Sunday, August 04, 2013

Critical Distance

This is one of my favorite passages from Howards End by E.M. Forster, one of my favorite books:

Margaret realised the chaotic nature of our daily life, and its difference from the orderly sequence that has been fabricated by historians. Actual life is full of false clues and sign-posts that lead nowhere. With infinite effort we nerve ourselves for a crisis that never comes. The most successful career must show a waste of strength that might have removed mountains, and the most unsuccessful is not that of the man who is taken unprepared, but of him who has prepared and is never taken. On a tragedy of that kind our national morality is duly silent. It assumes that preparation against danger is in itself a good, and that men, like nations, are the better for staggering through life fully armed. The tragedy of preparedness has scarcely been handled, save by the Greeks. Life is indeed dangerous, but not in the way morality would have us believe. It is indeed unmanageable, but the essence of it is not a battle. It is unmanageable because it is a romance, and its essence is romantic beauty. Margaret hoped that for the future she would be less cautious, not more cautious, than she had been in the past.

Earlier today I was thinking of writing about distance. One of the strategies to save yourself from feeling pain is to remain cautious. We know it doesn't work, movies and books tell us this all the time, but we have to go and learn it ourselves. There's no way around pain, and by trying to spare yourself the pain you spare yourself the connection and the feeling of belonging, too. Sometimes, even, you cause a greater pain.

I was thinking about this in relation to creating something.  You have to be in something completely to create it, but to form it you have to have distance. Sometimes you have to have distance to create something at all - a different way of seeing or a way of seeing outside of what's happening.  I suppose this is why the classic writer is a loner.  Yes, that feeling of being outsider works brilliantly for being an artist, or creating something about the world you live in. Works brilliantly for scientists, too.   Where it doesn't work so brilliantly is in human relations.  If you keep yourself from participating, you keep yourself from feeling.  You may keep a critical distance, but if you do that when you're supposed to be involved, you can shortchange yourself. 

I don't know that there is much point to this post, except that I've always had a strategy to keep an eye on things, mainly in a controlling sense to make sure everything is okay, nothing is messy, and no one gets hurt. Then, of course, with theater training, keeping track in case anything can be used later, and analyzing behavior.  It's good for seeing a big picture, and it's good for safety, but for some things (living your life as it comes), it's not very helpful. I'm not even thinking I have done this for some feeling of wanting to be a great artist of some kind. That may be a dream, but never a day to day goal. The outside eye, though, needs to be covered every once in a while.  It's a hard muscle to select how to use once you have it. You don't really feel like you can blink.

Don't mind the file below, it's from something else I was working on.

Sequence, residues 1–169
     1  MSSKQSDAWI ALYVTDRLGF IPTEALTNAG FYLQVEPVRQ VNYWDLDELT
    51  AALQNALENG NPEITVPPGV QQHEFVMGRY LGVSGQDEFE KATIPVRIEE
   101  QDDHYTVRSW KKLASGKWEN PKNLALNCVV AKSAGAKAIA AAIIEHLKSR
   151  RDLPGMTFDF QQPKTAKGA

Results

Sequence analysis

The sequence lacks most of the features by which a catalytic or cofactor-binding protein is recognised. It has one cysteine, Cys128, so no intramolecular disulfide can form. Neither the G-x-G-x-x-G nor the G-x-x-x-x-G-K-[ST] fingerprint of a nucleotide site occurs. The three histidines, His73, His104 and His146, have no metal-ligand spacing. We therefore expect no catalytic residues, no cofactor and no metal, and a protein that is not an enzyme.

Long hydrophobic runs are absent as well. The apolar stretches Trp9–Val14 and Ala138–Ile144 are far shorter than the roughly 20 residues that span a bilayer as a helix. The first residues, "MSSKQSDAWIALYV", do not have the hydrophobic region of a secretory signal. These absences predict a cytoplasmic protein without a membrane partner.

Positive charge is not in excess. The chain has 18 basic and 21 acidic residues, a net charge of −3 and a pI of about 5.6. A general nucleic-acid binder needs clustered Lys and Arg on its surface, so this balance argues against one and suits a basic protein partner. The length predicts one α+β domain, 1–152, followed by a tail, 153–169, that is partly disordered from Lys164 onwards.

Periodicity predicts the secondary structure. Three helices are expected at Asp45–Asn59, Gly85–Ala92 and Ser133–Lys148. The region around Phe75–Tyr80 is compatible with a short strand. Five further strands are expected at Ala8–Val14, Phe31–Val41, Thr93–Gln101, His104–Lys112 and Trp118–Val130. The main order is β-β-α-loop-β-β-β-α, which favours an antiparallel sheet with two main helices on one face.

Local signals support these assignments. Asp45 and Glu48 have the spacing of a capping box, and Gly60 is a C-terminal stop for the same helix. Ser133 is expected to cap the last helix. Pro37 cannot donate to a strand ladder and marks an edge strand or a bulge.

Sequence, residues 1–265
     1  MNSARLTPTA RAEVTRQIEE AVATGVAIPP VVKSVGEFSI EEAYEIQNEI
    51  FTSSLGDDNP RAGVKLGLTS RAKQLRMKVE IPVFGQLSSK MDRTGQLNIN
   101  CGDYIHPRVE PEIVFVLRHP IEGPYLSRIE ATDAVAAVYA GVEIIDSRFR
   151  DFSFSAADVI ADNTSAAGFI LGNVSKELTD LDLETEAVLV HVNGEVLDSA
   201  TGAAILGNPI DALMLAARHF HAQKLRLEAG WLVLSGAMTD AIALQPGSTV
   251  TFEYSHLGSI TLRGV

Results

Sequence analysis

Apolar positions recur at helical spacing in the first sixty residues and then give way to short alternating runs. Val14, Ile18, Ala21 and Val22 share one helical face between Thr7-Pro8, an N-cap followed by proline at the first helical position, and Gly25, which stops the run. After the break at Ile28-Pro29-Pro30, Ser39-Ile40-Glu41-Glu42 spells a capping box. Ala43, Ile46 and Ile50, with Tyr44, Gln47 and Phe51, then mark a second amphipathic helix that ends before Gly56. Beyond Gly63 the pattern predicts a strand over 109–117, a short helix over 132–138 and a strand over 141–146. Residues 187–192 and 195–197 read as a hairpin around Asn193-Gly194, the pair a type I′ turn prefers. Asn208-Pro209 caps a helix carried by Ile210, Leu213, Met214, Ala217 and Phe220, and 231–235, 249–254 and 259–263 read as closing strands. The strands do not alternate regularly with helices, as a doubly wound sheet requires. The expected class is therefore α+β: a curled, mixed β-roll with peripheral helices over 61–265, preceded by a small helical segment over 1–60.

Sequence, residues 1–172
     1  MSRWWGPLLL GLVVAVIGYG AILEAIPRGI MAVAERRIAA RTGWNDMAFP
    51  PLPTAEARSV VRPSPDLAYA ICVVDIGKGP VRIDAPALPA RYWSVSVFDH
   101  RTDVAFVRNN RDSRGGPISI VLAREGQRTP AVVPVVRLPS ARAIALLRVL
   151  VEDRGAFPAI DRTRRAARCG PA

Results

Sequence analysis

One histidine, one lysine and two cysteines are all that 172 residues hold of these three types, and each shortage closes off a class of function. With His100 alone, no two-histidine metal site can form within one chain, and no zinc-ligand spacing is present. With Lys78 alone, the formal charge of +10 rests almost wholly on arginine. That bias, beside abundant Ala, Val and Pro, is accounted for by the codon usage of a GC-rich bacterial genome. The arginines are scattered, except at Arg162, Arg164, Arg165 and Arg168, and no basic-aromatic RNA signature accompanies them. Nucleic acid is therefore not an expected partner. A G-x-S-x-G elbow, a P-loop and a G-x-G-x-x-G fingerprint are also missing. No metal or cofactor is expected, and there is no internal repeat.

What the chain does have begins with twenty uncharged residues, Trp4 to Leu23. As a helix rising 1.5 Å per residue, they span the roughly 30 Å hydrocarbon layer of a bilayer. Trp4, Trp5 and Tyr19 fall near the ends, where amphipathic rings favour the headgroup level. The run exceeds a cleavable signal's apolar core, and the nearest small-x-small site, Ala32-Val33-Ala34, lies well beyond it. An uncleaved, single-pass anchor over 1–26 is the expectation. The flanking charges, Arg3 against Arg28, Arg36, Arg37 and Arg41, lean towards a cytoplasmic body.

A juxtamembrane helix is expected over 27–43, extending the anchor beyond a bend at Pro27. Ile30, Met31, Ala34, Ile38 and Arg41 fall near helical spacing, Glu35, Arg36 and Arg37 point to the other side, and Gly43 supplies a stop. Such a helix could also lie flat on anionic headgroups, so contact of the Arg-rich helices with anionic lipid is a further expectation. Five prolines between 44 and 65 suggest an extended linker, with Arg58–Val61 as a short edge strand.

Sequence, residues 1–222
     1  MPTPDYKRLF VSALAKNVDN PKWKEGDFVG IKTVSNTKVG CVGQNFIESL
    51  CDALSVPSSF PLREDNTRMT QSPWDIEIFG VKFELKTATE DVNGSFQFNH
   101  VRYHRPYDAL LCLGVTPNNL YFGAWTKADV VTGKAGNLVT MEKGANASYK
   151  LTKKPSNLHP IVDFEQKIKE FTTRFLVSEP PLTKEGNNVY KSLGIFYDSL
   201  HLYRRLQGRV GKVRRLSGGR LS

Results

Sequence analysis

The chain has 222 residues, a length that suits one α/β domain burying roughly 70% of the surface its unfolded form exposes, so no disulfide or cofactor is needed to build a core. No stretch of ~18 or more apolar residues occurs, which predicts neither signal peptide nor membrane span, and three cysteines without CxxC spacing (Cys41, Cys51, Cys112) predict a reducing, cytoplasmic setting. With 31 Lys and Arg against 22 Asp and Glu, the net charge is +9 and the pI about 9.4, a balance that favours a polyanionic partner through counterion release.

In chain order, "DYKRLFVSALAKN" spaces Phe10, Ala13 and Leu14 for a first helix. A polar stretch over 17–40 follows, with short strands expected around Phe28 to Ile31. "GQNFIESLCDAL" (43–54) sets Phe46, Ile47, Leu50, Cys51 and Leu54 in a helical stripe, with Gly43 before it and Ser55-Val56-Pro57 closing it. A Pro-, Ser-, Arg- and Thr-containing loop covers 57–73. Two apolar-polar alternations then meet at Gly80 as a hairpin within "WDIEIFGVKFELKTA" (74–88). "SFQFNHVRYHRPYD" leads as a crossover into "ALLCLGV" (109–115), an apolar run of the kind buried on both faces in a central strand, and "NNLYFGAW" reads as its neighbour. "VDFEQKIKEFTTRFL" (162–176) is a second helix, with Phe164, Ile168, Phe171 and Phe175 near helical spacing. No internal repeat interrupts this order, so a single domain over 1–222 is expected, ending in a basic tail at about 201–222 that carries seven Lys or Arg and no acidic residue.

Another literary reference I've always remembered in this regard is Trigorin, in the Seagull - 

Here I am talking to you, excited and delighted, yet never for one moment do I forget that there is an unfinished story waiting for me indoors. I see a cloud shaped like a grand piano. I think: I must mention somewhere in a story that a cloud went by, shaped like a grand piano. I smell heliotrope. I say to myself: Sickly smell, mourning shade, must be mentioned in describing a summer evening. I lie in wait for each phrase, for each word that falls from my lips or yours and hasten to lock all these words and phrases away in my literary storeroom: they may come in handy some day. When I finish a piece of work, I fly to the theatre or go fishing, in the hope of resting, of forgetting myself, but no, a new subject is already turning, like a heavy iron ball, in my brain, some invisible force drags me to my table and I must make haste to write and write. And so on for ever and ever. I have no rest from myself; I feel that I am devouring my own life, that for the honey which I give to unknown mouths out in the void, I rob my choicest flowers of their pollen, pluck the flowers themselves and trample on their roots.

The outside eye. Critical distance. I think it's possible that it can be less torturous that Trigorin, that hopefully there is a way to stop analyzing and look up at choice moments, stop trying to figure it out.  I know there's a practice for it. I also know I'm not alone, or Power Of Now wouldn't have sold as many copies as it did.  I'll skirt excessive cultural criticism, hopefully, but I'll just say the advent of video and cameras haven't made it much easier.  Or blogs, for that matter.


No easy answers, but maybe a little less distance a little more of the time is the answer. Having faith that the rest will take care of itself, and you'll remember things to write down later when you need to.


Elizabeth said...

I love the first Forster passage and your reflections about it. It made me think, at once, of how we react to terrorist threats -- how so much of foreign "policy" and of history in general, is reactions based on fear and paranoia. There is much to think about in this post -- I'm so glad that you're writing regularly here.

Criticlasm said...

Thank you - I'm so glad. I wrote this right before bed, and I woke up thinking, "Did that make any sense?"

And yes, Forster was so brilliant in seeing that. It is how we live so much of the time, and it is all over politics - pre-emptive strike.